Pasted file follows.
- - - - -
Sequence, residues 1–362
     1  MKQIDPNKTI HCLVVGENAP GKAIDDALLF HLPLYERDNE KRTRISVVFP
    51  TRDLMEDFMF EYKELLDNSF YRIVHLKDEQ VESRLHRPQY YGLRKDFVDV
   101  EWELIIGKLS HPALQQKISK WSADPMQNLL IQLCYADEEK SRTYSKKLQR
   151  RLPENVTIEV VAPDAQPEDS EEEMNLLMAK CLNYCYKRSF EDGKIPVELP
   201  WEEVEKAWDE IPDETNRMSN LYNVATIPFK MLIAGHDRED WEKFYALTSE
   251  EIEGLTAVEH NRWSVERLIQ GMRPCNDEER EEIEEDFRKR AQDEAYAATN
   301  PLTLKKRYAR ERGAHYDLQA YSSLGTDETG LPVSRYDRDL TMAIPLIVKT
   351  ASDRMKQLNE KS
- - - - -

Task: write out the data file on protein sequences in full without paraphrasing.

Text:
Sequence, residues 1–362
     1  MKQIDPNKTI HCLVVGENAP GKAIDDALLF HLPLYERDNE KRTRISVVFP
    51  TRDLMEDFMF EYKELLDNSF YRIVHLKDEQ VESRLHRPQY YGLRKDFVDV
   101  EWELIIGKLS HPALQQKISK WSADPMQNLL IQLCYADEEK SRTYSKKLQR
   151  RLPENVTIEV VAPDAQPEDS EEEMNLLMAK CLNYCYKRSF EDGKIPVELP
   201  WEEVEKAWDE IPDETNRMSN LYNVATIPFK MLIAGHDRED WEKFYALTSE
   251  EIEGLTAVEH NRWSVERLIQ GMRPCNDEER EEIEEDFRKR AQDEAYAATN
   301  PLTLKKRYAR ERGAHYDLQA YSSLGTDETG LPVSRYDRDL TMAIPLIVKT
   351  ASDRMKQLNE KS